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Affordable Recruitment Solutions for Small Businesses

Recruiting highly qualified candidates can be a costly endeavor, but it doesn't always have to be. There are a number of affordable recruitment solutions for small businesses to take advantage of. Here, six tips for you to try (and one bonus tip).
recruitment solutions

Businesses large and small need quality employees to succeed, though the cost of effective recruitment solutions can sometimes be high. Fortunately, there are strategies even cash-pressed businesses can employ in their efforts to reduce turnover and improve productivity. Here are six tips to creating affordable recruitment solutions for your small business.

1. Get referrals from your current employees.

Who knows the needs of your small business better than the people who work there? Too many entrepreneurs and small business owners fail to bring their active workforce into the search for qualified job candidates. Let employees know about open positions and the type of people you’re looking for. The chances are good that your employees know people with the right combination of experience and interests. To sweeten the pot, consider the tactic used by many businesses — offering a referral bonus to employees (cash compensation or some other type of incentive) who refer a candidate who becomes a member of your team.

Recently hired employees are another valuable source of candidate referrals. These men and women have come to you from other companies, where they likely know individuals looking to explore new job opportunities.

The same principle applies to your own personal and professional networks — as well as your vendors and trusted customers. Little expense is involved in simply reaching out to a wide range of people who might know just the person you’re looking for.

2. Hire from within.

Recruitment solutions don’t have to come from external sources. When that new position opens up, why not first consider the talents and skills of people already on your workforce? Hiring and promoting from within is not only cost-effective, it offers a huge morale booster for others who see that you, the business owner, reward hard work and dedication.

3. Visit job fairs.

Job fairs offer a potentially valuable talent pool of qualified job-seekers. Attending a job fair where candidates are already gathered saves both time and money. You can set up a company booth with information about your business or simply network with attendees, getting names and meeting people whom you can interview further at an appropriate time. Remember to be mindful of unemployed workers, many of whom you could meet at job fairs. There are some excellent candidates available and it’s important not to discriminate based on their current employment status.

Bonus tip: Observe how other businesses attract candidates at these job fairs and modify those tactics to fit your own needs.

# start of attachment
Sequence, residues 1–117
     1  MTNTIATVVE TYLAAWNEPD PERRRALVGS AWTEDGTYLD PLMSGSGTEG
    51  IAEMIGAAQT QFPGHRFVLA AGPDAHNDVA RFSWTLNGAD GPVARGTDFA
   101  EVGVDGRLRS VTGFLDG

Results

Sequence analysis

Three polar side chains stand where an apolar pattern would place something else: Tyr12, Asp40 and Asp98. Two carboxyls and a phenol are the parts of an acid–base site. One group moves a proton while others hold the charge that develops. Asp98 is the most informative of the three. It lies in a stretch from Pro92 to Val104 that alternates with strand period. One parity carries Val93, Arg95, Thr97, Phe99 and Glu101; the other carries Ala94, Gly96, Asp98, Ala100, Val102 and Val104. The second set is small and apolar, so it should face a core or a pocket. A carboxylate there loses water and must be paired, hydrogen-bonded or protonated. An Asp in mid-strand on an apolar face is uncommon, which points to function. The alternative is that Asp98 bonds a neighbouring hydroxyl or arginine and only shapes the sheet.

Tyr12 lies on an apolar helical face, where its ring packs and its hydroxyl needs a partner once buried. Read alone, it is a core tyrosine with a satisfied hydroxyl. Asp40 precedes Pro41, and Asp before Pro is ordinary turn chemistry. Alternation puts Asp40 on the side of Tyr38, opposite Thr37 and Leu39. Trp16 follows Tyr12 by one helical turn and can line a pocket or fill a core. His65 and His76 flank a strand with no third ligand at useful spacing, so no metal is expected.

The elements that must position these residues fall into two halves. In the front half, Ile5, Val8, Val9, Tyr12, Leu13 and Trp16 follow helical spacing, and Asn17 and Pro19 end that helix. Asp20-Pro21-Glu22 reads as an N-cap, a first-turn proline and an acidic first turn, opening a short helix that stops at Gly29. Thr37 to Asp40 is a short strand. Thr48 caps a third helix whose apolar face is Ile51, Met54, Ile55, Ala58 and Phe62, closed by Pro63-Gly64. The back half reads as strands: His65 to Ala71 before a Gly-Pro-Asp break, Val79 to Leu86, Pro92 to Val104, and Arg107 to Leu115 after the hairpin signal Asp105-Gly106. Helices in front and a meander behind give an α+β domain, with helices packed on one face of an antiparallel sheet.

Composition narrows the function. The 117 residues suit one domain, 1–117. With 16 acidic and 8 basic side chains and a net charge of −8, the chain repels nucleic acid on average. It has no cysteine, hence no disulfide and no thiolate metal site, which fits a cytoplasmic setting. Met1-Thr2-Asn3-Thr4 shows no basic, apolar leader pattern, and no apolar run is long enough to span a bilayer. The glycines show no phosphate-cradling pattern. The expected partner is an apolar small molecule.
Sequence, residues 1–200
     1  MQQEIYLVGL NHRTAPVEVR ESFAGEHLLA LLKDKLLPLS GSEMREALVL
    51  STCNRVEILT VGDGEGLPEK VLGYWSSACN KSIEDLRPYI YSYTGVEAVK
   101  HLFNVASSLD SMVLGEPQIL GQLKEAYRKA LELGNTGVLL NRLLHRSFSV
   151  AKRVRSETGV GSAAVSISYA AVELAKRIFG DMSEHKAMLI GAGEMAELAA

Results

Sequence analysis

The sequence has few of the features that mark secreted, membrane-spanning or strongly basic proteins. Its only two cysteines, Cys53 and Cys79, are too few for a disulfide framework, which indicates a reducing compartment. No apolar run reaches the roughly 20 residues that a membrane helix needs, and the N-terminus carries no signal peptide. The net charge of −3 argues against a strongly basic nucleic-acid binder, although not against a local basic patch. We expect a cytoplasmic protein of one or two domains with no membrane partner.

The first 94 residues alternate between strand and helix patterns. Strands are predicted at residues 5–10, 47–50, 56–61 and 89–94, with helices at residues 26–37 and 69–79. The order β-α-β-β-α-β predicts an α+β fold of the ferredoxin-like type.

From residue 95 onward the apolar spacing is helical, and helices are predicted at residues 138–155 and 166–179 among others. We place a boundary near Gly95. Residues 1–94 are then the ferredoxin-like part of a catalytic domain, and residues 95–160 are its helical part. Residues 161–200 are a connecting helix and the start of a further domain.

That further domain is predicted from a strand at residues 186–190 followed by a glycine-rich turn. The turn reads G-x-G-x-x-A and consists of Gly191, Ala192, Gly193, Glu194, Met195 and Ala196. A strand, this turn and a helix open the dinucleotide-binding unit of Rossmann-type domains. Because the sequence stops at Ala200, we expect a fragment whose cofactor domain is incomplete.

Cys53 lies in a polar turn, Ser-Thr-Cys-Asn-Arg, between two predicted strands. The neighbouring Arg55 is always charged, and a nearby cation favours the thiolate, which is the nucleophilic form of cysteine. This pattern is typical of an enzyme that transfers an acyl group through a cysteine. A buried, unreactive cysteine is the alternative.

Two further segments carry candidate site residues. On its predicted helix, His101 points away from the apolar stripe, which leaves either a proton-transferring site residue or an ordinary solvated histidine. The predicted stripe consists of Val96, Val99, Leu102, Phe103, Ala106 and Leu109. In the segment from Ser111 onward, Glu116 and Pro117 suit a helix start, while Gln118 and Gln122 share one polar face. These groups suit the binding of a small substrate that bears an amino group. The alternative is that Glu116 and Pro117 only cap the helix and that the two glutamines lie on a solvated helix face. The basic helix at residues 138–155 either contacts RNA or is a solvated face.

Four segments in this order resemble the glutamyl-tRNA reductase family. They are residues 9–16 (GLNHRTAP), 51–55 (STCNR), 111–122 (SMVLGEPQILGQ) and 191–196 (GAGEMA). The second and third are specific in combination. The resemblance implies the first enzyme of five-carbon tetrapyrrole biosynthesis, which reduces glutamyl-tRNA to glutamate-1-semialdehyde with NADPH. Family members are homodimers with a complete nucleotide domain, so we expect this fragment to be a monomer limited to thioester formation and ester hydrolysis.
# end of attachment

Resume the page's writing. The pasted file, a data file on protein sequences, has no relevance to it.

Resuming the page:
4. Connect with job candidates through social media.

How active are your Facebook, Twitter and LinkedIn accounts? These and other social networks are certainly a part of the typical job-seeker’s arsenal, so why not connect with them there? Better yet, on sites like LinkedIn, serious candidates have assembled profiles detailing their job history and special skills — another time-saving element in helping you assess their eligibility for your open position. Pay attention to both individuals and recruiters who regularly tweet on industry-related topics and reach out to people who impress you with their knowledge and experience. Ask others in your network to offer introductions to impressive candidates.

5. Seek out former employees.

People who left your business in the past may be interested in returning in a different capacity. If you’ve maintained contact with ex-employees, it’s always worth “checking in” and inquiring about their future employment plans. Another option is reaching out to them for referrals. After all, they have firsthand knowledge of your business and may well know an ideal candidate for your open position.

6. Invest in an intern program.

Bringing interns aboard is a low-cost (and in many cases, completely free) strategy for vetting possible future employees. Most interns already come highly motivated and eager to learn. After three to six months, you’ll have a pretty good idea about their potential with your business. Plus, these individuals will know your business at that point, so there’s additional cost savings when it comes to orientation and learning on the job!

At the very least, if and when they move on, stay in touch with interns. You never know who they might refer — or if they decide to apply for a job with you in the coming months and years.

It’s a competitive market out there for quality job applicants. Developing affordable recruitment strategies offers you and your business a competitive edge. Finding the right person for the job at little or no cost means you have more resources available for the tools and training new employees need to help your business grow.


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* This content is for educational purposes only, is not intended to provide specific legal advice, and should not be used as a substitute for the legal advice of a qualified attorney or other professional. The information may not reflect the most current legal developments, may be changed without notice and is not guaranteed to be complete, correct, or up-to-date.

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